My Week in Movies: Aug. 4-10

Return of the Jedi (1983) Hmm? Yes, of course I watched the original 1983 version. I’m no philistine. (Or maybe I am: I still love the Ewoks. Yub nub.)

Dial M for Murder (1954) Hitchcock at his most Hitchcockian, although much of the credit belongs to Frederick Knott, who adapted his stage play into the script at the core of this cunning puzzler. Knott’s blueprint layers on the riddles, delivering what Hitch did best, letting the audience be one step ahead of the characters (or so they think), just enough to make us wonder how Ray Milland will work it all out. (Another Hitchcock trademark: tricking the viewer into nervously hoping the villain gets away with it.) Hitchcock, then, takes the tight script and gives it a loose, casual tone, putting us at ease with Milland’s scheming, which makes the sudden bursts of tension all the more effective. Even after a dozen or so viewings, its surprises long past surprising, Dial M still works because it’s not about the twists, but about the joy of watching characters struggle to put the pieces together.

The Greatest Show on Earth (1952) Often ranked among the worst Best Picture Oscar winners, Cecil B. DeMille’s circus melodrama isn’t a bad movie, not really. It’s not particularly good, of course, but I always find myself entertained by its antics, either intentionally (the finale is crackerjack, James Stewart is a delight, and the travelogue nature of the big top scenes lends a fascinating time capsule feel to things) or otherwise (awful process shots! unbearably overlong montages! Chuck Heston!). But yes, what fascinates most is its Best Picture status; how did this movie, so lightweight and corny and awkward, become a box office smash, let alone a surprise Academy Award winner?

So I Married an Axe Murderer (1993) It occurs to me how rarely Mike Myers has played a normal guy in the movies. Sure, he doubles as his insane dad here – an unofficial spin-off of his SNL Scottish shop owner character, but made much better thanks to great writing, some killer toss-off moments I assume he ad-libbed, and a large helping of heart – but that’s a character kept mostly on the sidelines. For the most part, Myers plays a genuine person, not a sketch character, and he’s aces in the role. He’s handsome, charming, witty, and sweet, and why didn’t we get more of this in his prime? (As for the movie itself: it’s still a kooky masterpiece, knowing when to dive head-first into comic weirdness and when to back off and deliver instead a gentle romcom. It’s a collage of ideas too thin to work on their own yet perfect when mixed together with such madcap verve.)

The Great Dictator (1940) Broad comedy, biting comedy, comedy horrific in its dark political honesty. Chaplin shows sharpened teeth when he spoofs Hitler as a bumbling schmuck (it’s probably as close as Chaplin got to a Marx Brothers style, but much, much darker), and he shows great care when he doubles as the Jewish barber who meets as much heartbreak as he does slapstick. Three quarters of a century later, The Great Dictator hasn’t lost its bite, even if the politics it discusses have long been buried. As middle fingers aimed at vile little men go, this one’s timeless.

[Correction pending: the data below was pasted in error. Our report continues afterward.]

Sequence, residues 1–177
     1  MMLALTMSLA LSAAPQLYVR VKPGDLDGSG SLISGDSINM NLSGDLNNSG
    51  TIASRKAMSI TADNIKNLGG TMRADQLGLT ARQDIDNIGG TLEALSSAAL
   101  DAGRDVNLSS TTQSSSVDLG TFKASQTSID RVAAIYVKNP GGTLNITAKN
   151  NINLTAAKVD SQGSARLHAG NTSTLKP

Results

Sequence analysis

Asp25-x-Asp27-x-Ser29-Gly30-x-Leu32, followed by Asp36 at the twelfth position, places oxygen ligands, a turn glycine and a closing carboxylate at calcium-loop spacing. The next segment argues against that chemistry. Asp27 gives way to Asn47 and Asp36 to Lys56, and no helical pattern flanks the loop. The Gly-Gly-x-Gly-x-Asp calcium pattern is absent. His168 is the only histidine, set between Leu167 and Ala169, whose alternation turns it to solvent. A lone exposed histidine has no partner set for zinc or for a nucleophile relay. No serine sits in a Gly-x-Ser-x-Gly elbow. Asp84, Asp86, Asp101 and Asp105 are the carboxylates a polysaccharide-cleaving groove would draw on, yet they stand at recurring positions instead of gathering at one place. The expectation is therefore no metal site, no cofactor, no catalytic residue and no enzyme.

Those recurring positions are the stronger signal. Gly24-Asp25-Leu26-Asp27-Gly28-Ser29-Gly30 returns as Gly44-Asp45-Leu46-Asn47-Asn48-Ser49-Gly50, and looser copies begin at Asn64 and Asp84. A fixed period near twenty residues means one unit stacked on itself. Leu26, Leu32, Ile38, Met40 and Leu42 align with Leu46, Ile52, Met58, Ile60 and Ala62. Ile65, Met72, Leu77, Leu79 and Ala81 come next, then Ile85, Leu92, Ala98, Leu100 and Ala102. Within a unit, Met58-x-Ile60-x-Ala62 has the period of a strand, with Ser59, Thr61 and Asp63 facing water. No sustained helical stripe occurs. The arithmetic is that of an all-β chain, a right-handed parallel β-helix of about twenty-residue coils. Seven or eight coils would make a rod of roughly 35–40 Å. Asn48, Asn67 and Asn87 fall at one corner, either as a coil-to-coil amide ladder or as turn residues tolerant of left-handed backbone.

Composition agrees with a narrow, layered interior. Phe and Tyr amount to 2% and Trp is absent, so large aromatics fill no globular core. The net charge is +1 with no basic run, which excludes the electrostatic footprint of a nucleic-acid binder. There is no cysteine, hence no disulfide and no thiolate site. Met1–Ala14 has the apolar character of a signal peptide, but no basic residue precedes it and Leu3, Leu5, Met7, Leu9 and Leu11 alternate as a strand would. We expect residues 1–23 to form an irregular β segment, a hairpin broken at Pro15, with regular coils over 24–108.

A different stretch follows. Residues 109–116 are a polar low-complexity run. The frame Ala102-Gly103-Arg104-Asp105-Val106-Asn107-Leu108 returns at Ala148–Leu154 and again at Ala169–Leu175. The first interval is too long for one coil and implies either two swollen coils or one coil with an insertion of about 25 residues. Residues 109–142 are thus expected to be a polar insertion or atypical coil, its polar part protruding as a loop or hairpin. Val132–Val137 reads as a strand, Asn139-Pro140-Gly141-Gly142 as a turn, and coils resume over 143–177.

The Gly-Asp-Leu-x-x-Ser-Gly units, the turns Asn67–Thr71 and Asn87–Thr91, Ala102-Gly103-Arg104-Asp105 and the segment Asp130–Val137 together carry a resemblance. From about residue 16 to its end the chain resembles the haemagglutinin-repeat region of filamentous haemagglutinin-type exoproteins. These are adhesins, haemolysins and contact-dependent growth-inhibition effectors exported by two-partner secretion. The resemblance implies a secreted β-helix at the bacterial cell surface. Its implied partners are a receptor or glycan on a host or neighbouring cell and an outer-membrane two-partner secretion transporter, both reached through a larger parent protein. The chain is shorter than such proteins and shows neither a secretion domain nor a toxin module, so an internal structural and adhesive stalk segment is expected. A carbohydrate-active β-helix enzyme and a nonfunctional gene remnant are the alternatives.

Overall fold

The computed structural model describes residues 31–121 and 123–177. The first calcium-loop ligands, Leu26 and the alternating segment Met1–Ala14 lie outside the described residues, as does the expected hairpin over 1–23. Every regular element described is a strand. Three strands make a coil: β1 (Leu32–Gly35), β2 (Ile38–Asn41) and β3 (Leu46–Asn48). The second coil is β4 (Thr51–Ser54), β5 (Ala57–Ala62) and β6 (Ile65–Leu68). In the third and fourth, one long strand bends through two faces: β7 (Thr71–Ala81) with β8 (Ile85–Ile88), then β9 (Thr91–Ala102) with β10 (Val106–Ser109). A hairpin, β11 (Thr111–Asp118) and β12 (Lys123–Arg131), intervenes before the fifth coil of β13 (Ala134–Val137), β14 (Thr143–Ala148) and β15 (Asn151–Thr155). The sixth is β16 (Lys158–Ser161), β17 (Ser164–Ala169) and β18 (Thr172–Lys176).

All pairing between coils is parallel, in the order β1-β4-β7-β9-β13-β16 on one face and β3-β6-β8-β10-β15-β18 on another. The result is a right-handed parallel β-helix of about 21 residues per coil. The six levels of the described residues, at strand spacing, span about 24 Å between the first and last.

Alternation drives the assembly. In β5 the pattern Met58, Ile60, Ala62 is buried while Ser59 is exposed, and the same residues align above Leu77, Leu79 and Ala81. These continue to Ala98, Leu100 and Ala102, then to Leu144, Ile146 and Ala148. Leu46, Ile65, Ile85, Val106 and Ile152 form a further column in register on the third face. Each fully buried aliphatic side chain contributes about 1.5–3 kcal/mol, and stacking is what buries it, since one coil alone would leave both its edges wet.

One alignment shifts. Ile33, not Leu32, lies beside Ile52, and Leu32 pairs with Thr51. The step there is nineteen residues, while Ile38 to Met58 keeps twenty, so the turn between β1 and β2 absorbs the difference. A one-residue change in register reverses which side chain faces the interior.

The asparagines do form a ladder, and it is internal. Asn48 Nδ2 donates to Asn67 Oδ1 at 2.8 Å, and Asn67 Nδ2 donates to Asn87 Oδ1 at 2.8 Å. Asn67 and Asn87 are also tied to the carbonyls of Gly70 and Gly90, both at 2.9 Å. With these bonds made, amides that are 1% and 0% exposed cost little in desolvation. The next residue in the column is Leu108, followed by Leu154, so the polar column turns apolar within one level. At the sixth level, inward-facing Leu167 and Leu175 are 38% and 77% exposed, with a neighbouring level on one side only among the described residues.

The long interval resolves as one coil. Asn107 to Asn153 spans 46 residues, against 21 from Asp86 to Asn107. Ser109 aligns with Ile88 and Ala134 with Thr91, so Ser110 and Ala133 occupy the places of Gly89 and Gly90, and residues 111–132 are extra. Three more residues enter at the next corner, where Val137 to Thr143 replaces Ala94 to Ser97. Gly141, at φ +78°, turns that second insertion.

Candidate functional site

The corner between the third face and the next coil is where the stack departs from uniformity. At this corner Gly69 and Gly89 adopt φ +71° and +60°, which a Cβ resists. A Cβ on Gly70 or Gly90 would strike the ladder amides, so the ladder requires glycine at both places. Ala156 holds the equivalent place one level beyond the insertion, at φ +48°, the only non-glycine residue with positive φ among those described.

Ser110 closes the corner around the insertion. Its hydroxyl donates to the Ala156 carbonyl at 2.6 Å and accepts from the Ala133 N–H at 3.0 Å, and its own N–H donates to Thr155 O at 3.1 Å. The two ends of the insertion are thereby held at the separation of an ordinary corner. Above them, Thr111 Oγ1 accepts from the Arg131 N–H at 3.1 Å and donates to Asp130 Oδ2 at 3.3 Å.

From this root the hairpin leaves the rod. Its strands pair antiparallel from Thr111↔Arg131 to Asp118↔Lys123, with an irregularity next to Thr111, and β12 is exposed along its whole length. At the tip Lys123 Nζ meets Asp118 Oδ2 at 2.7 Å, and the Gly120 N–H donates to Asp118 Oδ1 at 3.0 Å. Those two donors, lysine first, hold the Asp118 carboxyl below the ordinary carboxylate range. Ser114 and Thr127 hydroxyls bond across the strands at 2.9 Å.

The Big Clock (1948) Speaking of Ray Milland… A disappointingly lukewarm thriller from the golden age of noir, The Big Clock doesn’t bother with the sort of tension needed to carry this sort of picture. Milland does a fine job as a man who realizes too many murder clues lead his way, but the movie doesn’t give him enough to do; not even the manhunt finale can produce enough claustrophobia, or even plain ol’ tension. Instead, the script meanders through its plot, taking too much time with comic asides (the lone element that truly works is Elsa Lanchester as a batty artist – funny stuff, although totally out of place) and not enough with the necessary twists and turns to keep us engaged.

Here Comes Mr. Jordan (1941) Endings don’t come much more sublime than the last five minutes of this one. Granted, the previous ninety are also a wonder, with great comedy and greater warmth, but it’s all groundwork, impeccable character notes delicately laid out for a gorgeous payoff. We’re swept away when everything finally falls into place for Joe and company. The goodness in people wins out.

Dumbo (1941) Speaking of circus movies… Is it just me, or does the ending of Dumbo just sorta come out of nowhere, like the filmmakers got to the singing crows, then realized “oh, crap, we only have five minutes left in the movie!”? Of course, despite the rush, it’s still one of Disney’s best movies. But you already knew that.

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